Understand common symptoms and how to provide comfort as these symptoms occur.
Be there for them; often just being present is enough. It may not be necessary to talk or fill the time with activity. Your quiet presence can be a simple and profound gift to a dying family member or friend. If the patient is not agitated or trying to sleep, physical contact like holding their hand or a soft gentle massage may be comforting and make them feel more connected to their loved ones.
Delirium is a sudden change in a person’s mental status over a period of hours to days. It is a mental clouding with less awareness of one’s environment. They may be confused about time, place and person. They may have their days and nights mixed up. Delirium is common at the end of life. It has many causes. The team will try to determine what is causing the delirium and treat the symptoms.
Nausea and vomiting may be related to the disease process, constipation, or the medications being taken. If the patient has nausea and/or vomiting let the nurse know. Together, you will determine the cause and treat it accordingly. Medications can be ordered if nausea and vomiting is an ongoing problem.
In the last hours of life, you may notice a rattling or wet sound in the patient’s breathing. This happens because fluids build up in the back of the throat and in the upper airways. We have all experienced this accumulation of fluid, but as healthy individuals, we are able to swallow or spit out any excess secretions.
Shortness of breath (SOB) is a common symptom at the end of life. It can occur with disorders of the lungs such as cancer or COPD. It can also be a result of fluid retention. If the patient feels he/she cannot get enough air, it can be very distressing. If the patient has had difficulty breathing in the past, or has a disease prone to cause shortness of breath, the nurse will order the necessary equipment (oxygen) and medications to be kept in the home.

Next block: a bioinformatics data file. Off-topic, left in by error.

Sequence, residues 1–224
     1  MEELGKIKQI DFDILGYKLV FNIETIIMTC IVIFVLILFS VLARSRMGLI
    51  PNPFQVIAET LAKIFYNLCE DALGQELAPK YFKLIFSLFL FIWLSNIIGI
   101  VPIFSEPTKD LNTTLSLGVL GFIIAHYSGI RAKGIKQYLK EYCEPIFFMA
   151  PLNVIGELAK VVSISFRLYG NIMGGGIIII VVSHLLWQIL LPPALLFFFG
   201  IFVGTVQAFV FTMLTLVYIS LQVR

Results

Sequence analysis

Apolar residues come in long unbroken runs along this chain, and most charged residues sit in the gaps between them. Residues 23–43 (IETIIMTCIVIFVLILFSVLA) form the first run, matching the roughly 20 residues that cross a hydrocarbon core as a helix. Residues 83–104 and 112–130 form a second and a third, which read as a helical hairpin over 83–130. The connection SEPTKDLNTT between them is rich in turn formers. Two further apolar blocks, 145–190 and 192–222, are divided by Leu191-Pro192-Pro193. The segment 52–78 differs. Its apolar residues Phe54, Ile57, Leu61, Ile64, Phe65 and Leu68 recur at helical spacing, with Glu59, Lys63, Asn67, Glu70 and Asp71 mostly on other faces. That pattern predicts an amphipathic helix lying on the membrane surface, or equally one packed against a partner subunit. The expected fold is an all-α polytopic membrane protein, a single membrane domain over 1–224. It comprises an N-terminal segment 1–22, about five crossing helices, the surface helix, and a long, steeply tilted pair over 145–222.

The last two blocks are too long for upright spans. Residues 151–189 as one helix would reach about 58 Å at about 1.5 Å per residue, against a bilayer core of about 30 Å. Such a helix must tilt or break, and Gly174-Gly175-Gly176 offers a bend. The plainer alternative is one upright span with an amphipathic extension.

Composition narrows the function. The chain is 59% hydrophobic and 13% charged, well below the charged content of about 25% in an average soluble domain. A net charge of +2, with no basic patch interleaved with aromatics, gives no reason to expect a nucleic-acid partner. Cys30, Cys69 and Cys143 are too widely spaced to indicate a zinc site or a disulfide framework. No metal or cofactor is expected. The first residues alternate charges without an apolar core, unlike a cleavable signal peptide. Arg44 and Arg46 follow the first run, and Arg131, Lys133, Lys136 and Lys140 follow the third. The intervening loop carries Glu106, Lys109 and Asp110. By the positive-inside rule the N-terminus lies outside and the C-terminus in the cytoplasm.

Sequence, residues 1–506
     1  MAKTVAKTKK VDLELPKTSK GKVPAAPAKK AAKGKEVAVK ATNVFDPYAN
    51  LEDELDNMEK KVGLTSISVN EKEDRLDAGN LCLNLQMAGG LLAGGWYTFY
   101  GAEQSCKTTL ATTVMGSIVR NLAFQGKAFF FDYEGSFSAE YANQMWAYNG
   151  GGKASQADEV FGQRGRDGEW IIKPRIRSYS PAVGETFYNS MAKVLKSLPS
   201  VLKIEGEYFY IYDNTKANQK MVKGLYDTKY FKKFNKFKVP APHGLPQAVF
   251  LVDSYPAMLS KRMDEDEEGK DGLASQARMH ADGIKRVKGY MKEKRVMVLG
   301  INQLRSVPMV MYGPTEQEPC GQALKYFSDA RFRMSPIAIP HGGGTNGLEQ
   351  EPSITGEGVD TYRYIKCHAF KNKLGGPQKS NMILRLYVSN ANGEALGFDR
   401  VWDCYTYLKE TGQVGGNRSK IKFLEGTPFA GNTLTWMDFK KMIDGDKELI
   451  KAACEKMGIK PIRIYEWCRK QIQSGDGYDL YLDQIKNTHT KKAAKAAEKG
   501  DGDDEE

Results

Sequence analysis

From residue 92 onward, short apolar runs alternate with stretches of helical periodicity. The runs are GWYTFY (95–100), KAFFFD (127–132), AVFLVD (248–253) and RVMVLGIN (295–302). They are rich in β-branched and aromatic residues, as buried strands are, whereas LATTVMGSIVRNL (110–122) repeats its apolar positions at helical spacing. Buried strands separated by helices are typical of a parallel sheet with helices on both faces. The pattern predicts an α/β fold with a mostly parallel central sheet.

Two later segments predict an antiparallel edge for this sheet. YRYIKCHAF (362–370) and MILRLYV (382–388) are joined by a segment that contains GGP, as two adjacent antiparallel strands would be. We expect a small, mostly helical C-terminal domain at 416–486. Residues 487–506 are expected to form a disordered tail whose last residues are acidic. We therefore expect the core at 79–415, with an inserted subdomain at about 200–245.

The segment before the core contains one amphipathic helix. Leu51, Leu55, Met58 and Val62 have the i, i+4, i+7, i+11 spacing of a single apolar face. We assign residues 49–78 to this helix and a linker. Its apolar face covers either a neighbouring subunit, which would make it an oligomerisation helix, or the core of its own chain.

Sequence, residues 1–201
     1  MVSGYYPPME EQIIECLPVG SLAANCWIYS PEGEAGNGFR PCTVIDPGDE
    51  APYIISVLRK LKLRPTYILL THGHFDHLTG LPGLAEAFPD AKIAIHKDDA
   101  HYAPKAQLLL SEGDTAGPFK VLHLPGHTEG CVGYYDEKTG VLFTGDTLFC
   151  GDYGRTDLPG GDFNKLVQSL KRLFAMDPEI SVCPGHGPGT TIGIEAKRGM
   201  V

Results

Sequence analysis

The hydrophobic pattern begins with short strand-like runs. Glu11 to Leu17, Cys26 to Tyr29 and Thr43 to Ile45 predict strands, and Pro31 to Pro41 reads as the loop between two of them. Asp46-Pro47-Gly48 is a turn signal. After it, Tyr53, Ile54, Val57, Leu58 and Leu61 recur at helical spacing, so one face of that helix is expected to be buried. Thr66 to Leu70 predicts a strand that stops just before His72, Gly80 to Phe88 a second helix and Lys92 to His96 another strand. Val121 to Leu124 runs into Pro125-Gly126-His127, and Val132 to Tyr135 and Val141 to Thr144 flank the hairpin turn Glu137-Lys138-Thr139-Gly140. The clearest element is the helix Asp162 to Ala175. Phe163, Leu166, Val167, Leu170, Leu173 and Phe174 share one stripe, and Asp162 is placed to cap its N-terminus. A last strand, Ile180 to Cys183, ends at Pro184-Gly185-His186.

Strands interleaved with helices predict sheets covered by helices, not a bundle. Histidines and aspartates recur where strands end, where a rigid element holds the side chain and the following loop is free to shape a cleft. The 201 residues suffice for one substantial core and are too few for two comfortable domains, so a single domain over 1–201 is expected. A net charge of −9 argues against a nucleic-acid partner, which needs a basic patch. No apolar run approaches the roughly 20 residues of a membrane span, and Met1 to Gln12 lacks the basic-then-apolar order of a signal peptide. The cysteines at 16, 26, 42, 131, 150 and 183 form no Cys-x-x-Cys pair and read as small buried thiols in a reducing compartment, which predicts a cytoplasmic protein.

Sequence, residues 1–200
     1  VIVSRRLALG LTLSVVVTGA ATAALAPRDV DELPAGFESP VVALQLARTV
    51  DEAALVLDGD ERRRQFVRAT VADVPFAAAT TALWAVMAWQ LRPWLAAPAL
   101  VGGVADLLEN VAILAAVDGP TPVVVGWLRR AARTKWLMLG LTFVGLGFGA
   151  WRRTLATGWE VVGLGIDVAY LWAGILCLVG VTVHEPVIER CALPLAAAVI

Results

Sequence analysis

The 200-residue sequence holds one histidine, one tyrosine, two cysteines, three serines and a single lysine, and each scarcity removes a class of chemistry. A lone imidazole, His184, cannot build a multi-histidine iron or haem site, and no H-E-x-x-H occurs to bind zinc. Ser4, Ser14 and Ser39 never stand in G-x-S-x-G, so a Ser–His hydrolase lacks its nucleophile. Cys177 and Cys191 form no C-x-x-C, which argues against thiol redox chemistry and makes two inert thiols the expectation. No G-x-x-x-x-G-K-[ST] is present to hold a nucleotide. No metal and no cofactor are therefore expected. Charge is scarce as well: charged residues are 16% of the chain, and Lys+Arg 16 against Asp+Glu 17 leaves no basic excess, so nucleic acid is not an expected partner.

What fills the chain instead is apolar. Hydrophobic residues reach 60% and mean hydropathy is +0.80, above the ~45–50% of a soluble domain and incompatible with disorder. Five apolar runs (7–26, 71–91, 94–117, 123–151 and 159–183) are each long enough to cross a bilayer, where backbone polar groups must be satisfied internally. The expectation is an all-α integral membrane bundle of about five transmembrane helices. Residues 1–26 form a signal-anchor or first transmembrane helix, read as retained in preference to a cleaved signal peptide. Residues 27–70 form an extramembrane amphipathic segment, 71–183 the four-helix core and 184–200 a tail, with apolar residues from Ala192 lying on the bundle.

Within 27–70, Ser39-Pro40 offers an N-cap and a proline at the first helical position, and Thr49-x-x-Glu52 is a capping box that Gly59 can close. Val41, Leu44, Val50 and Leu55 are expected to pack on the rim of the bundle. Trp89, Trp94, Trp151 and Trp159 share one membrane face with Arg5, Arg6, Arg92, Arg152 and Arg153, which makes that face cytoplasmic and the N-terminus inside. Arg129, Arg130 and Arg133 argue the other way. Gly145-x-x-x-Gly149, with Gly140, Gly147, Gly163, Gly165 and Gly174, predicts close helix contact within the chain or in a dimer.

As a person declines, they may become confused, restless, or have increased agitation. Even though they are too weak, they may insist on getting out of the bed. They may yell out and become angry toward those around them. They may say or see things that have no meaning. Some may accuse those trying to help of causing them harm. They appear extremely agitated and are sometimes unaware of their current condition. Caregivers should remember this is not who they are – this is from the disease and how it is causing changes to the body.
Constipation is one of the most common problems patients experience at the end of life. Whether we eat or not, our body still produces waste and that waste needs to be eliminated. As the disease progresses, our body movements slow down. Inactivity can contribute to constipation. Pain medicine also slows our bodily functions. Anyone who is taking pain meds needs to be on a regular bowel program including stool softeners and/or laxatives.
You are a part of your healthcare team. You should talk about your pain and discuss questions and concerns with us before it becomes a problem. We will work with you to manage your pain. The longer pain goes untreated, the harder it is to relieve.